You can imagine our delight when not only the Delicates cycle produced nearly perfect results, but the Bulky test did as well. Most full-sized models didn't do as good a job getting our large comforter dry. That said, there is definitely a catch: nothing will dry quickly in this machine—our 30 minute Timed Dry, the closest thing we could get to a Quick cycle, was completely ineffective—and cycle durations can be more inconsistent than usual. Surprisingly good at what it does, but takes a long time to do it? Well, it took Michelangelo four years to paint the Sistine Chapel ceiling...
As is common with compact machines, there aren't a lot of extras here. A High Heat option is available for really wet clothes, and a Child Lock will keep out curious bambinos. The Post-Care option is essentially a renamed Wrinkle Release that will keep tumbling your clothes; what's more interesting is the Pre-Care option, which—when combined with the Delay Start—can fluff your clothes before the actual drying cycle, theoretically preventing some really nasty wrinkles from forming at the very beginning.
Quick dry? Not happening. Bulky? Not...wait a minute...
First thing's first: we use a standard four pound load for quick cycle testing, and we also didn't have the "High Heat" option turned on. Even so, we expected better out of the Ariston's 30 minute Timed Dry cycle. We weren't expecting great things—it is a compact model, after all, with preset cycles that take twice as long as it would in a full-sized counterpart—but 38 percent dry? That's just sad. You might as well leave things draped on a shower curtain over night.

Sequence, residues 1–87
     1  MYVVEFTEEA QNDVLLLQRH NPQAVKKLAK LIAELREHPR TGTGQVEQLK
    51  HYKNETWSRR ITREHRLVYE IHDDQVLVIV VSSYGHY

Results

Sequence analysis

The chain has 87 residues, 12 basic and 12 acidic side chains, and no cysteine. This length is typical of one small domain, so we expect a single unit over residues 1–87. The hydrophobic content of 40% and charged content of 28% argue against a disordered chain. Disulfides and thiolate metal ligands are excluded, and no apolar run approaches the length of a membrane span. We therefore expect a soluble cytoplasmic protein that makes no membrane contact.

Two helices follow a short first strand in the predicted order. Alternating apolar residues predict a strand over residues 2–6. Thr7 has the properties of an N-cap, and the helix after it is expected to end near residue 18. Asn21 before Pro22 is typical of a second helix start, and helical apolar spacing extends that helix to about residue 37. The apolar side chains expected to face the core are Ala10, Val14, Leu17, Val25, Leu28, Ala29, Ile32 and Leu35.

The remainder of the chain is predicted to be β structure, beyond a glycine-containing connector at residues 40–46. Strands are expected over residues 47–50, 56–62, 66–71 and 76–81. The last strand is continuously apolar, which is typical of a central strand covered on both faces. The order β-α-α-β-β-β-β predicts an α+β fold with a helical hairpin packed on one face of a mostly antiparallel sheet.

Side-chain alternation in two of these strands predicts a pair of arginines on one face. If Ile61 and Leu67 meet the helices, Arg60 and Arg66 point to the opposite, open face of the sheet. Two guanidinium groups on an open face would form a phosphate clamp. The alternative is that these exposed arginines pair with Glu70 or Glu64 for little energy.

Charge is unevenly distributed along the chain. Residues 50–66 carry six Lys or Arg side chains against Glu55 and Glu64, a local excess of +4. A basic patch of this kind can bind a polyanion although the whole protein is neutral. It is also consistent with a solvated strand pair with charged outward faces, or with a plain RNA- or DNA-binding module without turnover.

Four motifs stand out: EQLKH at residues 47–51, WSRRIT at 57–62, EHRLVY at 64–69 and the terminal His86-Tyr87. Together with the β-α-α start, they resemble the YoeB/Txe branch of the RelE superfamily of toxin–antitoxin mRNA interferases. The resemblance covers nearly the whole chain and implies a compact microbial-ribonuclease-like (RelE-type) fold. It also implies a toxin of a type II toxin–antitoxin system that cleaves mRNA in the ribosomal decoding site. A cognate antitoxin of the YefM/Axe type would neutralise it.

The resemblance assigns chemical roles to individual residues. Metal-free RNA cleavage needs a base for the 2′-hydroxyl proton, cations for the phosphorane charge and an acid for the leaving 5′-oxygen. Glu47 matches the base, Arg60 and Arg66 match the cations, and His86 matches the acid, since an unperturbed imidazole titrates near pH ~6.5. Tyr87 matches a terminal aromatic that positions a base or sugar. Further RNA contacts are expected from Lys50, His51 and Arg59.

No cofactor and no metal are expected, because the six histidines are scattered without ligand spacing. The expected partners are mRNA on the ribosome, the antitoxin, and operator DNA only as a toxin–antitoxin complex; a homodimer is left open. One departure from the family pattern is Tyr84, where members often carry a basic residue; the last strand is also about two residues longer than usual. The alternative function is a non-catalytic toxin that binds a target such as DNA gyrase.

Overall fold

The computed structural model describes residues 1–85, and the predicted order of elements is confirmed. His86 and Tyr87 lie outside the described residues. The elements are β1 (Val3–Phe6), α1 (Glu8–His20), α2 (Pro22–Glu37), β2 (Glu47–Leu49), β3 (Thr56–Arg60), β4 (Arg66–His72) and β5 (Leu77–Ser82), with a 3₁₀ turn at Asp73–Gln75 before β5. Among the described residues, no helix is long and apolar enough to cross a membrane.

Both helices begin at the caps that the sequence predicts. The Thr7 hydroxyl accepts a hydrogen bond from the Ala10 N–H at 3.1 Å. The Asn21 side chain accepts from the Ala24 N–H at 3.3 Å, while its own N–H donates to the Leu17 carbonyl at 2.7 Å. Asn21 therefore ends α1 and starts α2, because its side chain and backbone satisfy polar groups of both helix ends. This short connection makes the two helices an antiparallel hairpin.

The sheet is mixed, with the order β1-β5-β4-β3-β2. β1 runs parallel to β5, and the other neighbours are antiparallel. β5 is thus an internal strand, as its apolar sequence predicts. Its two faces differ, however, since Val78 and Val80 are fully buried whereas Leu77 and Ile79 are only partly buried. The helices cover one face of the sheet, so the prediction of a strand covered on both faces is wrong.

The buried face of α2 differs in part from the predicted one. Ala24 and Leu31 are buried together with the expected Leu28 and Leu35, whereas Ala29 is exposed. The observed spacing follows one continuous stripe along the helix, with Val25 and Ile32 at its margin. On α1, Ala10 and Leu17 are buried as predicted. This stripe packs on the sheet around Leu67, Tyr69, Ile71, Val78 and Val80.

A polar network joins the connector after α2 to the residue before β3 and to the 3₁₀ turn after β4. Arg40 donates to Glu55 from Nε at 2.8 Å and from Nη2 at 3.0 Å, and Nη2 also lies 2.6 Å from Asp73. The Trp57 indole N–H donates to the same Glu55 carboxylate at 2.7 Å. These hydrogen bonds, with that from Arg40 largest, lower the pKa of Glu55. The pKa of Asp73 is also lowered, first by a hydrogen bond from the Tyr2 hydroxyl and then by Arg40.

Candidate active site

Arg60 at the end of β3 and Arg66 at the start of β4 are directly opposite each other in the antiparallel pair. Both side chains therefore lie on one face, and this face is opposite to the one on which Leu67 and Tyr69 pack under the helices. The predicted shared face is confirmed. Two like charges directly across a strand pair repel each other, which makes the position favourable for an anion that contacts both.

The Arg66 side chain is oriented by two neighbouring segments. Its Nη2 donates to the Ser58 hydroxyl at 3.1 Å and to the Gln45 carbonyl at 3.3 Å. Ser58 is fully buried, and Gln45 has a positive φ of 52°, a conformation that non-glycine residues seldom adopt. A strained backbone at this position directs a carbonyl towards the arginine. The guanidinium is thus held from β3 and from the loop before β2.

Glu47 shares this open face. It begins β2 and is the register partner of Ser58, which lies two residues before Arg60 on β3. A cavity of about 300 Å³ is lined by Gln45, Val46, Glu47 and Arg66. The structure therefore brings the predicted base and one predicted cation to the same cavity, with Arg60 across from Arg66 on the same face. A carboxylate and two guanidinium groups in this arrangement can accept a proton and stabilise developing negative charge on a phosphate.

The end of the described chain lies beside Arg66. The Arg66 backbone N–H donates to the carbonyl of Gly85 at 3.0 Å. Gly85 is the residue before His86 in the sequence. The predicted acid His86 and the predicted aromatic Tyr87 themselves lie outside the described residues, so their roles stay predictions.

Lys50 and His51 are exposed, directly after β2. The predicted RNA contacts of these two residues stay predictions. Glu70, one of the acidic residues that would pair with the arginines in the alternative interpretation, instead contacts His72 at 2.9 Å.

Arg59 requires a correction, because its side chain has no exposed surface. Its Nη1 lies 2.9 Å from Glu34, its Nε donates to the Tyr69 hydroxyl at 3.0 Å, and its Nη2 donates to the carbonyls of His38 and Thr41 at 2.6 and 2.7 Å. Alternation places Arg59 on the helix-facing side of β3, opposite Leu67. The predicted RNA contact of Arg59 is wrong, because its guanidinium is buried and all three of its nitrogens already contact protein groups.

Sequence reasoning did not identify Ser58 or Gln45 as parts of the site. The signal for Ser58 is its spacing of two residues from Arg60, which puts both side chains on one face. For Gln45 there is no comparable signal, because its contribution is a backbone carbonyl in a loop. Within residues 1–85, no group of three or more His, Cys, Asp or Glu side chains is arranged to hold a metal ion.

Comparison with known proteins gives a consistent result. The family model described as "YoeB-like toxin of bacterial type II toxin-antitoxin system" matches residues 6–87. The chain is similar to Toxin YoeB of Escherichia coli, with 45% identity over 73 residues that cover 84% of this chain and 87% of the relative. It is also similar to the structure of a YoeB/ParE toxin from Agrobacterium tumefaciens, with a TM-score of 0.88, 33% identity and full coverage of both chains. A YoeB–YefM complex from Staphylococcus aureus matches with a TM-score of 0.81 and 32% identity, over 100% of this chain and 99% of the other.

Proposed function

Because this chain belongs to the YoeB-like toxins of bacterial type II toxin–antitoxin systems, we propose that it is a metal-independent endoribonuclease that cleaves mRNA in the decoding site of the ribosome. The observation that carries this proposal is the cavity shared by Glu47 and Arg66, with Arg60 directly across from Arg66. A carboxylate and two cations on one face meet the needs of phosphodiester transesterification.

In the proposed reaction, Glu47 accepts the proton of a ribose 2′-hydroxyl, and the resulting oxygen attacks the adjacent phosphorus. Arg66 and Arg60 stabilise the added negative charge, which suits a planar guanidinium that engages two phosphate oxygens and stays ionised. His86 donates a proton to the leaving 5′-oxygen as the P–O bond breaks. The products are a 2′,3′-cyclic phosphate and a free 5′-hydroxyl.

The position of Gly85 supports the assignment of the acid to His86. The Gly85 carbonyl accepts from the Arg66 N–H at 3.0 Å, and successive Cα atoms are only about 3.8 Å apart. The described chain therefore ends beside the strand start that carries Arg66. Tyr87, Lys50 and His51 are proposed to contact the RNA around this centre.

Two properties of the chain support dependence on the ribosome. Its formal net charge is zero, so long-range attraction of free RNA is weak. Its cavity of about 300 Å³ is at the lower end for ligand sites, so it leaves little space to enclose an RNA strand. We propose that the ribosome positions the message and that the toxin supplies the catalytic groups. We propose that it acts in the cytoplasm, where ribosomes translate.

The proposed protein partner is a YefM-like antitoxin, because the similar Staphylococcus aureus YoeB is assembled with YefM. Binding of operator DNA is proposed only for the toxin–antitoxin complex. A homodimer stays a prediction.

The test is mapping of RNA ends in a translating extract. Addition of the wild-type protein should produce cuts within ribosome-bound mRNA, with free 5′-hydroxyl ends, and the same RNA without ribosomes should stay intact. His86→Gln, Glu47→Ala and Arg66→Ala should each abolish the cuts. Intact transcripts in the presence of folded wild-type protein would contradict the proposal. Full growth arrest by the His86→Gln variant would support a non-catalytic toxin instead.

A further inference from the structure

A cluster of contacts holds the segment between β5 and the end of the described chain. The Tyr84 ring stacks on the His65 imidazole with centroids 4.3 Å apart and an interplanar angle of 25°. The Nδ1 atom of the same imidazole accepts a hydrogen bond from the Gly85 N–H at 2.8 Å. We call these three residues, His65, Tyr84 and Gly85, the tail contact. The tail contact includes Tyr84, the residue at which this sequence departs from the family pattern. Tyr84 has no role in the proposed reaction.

There's no designated heavy duty or bulky setting on this Ariston, so we went with the longest Timed Dry option available: 160 minutes. (Again, as with the Quick Dry test, we didn't turn on the "High Heat" option.) After the abysmal results mentioned above, we didn't expect much; the Bulky test, after all, is the most frequently failed trial. To our delight, our massive comforter came out with 87 percent of the moisture removed. That's actually pretty darn fantastic; most full-sized models don't even come close. When you consider the fact that we had to literally muscle the comforter through the machine's tiny door, it just becomes all the more impressive.
A lesser known brand surprises with its overall quality.
There aren't many compact laundry sets on the market, so it's easy to see a standout. The Ariston TVF63X serves up a reasonably varied set of cycles and a surprisingly effective performance for such a small machine.
The lengthy—and sometimes egregiously inconsistent—drying cycles make it hard to budget time for doing laundry. That said, if your home is too small for a full-sized machine, the Ariston is certainly more convenient than a laundromat. All you need is a 220v outlet and permission to punch a vent through the wall.
For $799, it's not the cheapest model on the market (the Blomberg DV17540 costs about $100 less) but this Ariston certainly seems to be one of the most effective.
Meet the testers
Logistics Manager & Staff Writer@ReviewedHome
Matthew is a native of Brockton, MA and a graduate of Northeastern, where he earned a degree in English and Theatre. He has also studied at the Gaiety School of Acting in Dublin and spends most of his free time pursuing a performance career in the greater Boston area.See all of Matthew Zahnzinger's reviews